Making big black holes

Astronomers classify black holes according to their masses. At one end of the mass range are the “stellar mass black holes” with masses below 100 times the mass of the Sun. Pairs of such black holes make up the observed LIGO-Virgo black hole mergers till date.

They are thought to be the end stages of massive stars and formed by the gravitational collapse after undergoing the volatile supernova explosion phase. Astrophysical models suggest that black holes with masses between about 65 and 120 times the mass of the Sun cannot be formed by a collapsing star. This mass range is termed as the ‘’mass gap”.

The other end of the black hole mass range are “supermassive black holes” with masses above hundreds of thousands to billions of times that of the Sun. Our own Milky Way galaxy has a black hole of 4 million times the mass of the Sun at its centre. Exactly how these monstrous black holes are formed remains a bit of mystery.

Between stellar mass and supermassive black holes is the mysterious realm of “intermediate mass black holes” (IMBH) with masses in the range of 100–100,000 times that of the Sun. There was no conclusive direct observation of an IMBH in astronomy till the observation of GW190521.

Numerical simulation of a heavy black-hole merger (GW190521)

Numerical simulation of two black holes that inspiral and merge, emitting gravitational waves. The black holes have large and nearly equal masses, with one only 3% more massive than the other. The simulated gravitational wave signal is consistent with the observation made by the LIGO and Virgo gravitational wave detectors on May 21st, 2019 (GW190521). Details on the visualization: * The „apparent horizon“ of the black holes in the simulation are shown in black. At 0:10 the simulation finds an enveloping apparent horizon that signals the two black holes have merged. * The gravitational radiation is translated to colors around the black holes. The colors transition from blue, representing weak radiation, to red, representing strong radiation. Specifically, the coloring represents the real part of the gravitational wave strain. The strain is computed from the simulation’s extrapolated waveform, which is shown at the bottom of the screen. * Only the mass-ratio of the two black holes is relevant for the numerical simulation, not their total mass. The large total mass inferred for the black holes that produced the GW190521 signal only affects the conversion from simulation-time to real-time that is shown at the bottom of the screen. The movie shows approximately half of the observed inspiral duration reported for the GW190521 detection. Credit: N. Fischer, H. Pfeiffer, A. Buonanno (Max Planck Institute for Gravitational Physics), Simulating eXtreme Spacetimes (SXS) Collaboration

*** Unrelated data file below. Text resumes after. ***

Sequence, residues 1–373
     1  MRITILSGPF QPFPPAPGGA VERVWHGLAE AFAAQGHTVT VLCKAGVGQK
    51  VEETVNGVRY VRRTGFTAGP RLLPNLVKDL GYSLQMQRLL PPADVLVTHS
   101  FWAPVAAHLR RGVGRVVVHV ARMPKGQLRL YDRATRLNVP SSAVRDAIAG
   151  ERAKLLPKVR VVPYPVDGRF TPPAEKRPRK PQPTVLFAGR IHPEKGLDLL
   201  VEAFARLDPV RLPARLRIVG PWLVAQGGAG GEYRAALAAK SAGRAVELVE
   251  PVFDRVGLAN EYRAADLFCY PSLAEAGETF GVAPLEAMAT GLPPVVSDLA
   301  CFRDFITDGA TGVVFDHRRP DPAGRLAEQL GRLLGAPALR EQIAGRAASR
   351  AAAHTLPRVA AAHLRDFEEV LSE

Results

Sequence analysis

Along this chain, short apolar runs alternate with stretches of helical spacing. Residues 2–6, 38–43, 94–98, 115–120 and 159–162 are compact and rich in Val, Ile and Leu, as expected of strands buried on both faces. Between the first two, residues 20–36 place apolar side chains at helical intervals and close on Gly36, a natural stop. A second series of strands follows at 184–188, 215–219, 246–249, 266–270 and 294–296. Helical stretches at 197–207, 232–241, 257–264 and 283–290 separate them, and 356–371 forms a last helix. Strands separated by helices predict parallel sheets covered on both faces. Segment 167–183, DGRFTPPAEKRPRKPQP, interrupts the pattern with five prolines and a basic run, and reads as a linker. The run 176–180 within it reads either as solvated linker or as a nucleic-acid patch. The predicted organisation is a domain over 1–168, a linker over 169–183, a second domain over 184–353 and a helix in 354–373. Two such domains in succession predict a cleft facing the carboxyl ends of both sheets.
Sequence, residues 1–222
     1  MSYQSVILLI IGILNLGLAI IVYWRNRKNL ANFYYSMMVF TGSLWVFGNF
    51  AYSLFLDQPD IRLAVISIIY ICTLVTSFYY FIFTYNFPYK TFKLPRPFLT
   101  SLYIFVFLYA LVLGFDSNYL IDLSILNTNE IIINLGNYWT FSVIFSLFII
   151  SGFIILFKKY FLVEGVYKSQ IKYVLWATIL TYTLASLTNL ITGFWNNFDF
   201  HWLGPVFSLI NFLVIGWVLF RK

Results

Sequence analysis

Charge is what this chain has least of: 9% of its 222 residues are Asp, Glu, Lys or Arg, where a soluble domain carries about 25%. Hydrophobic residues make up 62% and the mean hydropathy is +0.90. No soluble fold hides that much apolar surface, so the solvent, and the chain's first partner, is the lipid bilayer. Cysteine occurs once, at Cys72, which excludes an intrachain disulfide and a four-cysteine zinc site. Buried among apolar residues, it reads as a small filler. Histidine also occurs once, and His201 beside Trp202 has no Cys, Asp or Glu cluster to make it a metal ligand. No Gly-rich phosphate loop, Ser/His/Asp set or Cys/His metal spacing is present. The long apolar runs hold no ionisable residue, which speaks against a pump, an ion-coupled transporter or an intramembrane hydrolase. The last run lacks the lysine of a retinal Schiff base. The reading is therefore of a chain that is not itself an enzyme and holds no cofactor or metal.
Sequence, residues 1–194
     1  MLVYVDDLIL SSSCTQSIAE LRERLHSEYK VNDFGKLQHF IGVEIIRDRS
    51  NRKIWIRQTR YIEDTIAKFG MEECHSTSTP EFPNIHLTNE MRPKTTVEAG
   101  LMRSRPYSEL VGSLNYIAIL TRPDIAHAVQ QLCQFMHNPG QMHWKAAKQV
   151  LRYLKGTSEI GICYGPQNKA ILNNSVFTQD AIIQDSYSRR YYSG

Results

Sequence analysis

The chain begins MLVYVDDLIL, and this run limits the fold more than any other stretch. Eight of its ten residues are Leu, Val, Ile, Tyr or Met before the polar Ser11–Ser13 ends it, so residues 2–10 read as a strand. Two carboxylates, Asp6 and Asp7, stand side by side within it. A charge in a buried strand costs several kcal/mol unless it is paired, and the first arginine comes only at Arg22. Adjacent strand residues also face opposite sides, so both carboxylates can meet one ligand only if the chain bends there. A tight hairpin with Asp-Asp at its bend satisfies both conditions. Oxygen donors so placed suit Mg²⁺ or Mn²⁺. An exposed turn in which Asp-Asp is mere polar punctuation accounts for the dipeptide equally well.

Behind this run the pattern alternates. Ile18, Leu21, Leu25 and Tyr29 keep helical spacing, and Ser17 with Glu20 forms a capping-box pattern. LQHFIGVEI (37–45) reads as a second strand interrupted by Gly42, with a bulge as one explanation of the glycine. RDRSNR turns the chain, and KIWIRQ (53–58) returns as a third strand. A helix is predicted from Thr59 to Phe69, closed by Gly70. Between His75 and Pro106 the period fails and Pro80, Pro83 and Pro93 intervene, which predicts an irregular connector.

Indian contribution to the discovery